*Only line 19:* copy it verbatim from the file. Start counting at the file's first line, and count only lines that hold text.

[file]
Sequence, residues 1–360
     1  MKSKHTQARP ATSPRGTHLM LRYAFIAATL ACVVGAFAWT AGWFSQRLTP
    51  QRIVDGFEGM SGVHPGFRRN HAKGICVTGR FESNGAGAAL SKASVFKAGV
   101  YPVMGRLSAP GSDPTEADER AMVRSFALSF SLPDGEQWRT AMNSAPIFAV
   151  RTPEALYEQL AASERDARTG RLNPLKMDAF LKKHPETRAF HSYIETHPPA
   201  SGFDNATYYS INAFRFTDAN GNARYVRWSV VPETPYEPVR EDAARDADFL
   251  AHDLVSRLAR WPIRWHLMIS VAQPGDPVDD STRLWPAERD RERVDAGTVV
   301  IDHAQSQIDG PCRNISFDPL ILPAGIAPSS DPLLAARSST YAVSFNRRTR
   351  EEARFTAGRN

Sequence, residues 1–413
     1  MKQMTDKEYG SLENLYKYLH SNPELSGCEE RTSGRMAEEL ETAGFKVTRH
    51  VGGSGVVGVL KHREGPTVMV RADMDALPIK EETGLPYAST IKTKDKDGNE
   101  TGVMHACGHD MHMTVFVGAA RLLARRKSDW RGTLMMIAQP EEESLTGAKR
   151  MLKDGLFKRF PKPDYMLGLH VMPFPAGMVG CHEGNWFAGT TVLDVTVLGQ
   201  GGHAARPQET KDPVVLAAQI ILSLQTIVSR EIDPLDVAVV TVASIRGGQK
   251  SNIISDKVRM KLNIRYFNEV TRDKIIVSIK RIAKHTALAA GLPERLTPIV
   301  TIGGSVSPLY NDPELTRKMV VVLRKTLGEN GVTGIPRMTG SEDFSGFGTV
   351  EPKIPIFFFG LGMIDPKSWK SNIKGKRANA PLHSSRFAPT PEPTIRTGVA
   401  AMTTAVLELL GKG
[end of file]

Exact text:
   401  AMTTAVLELL GKG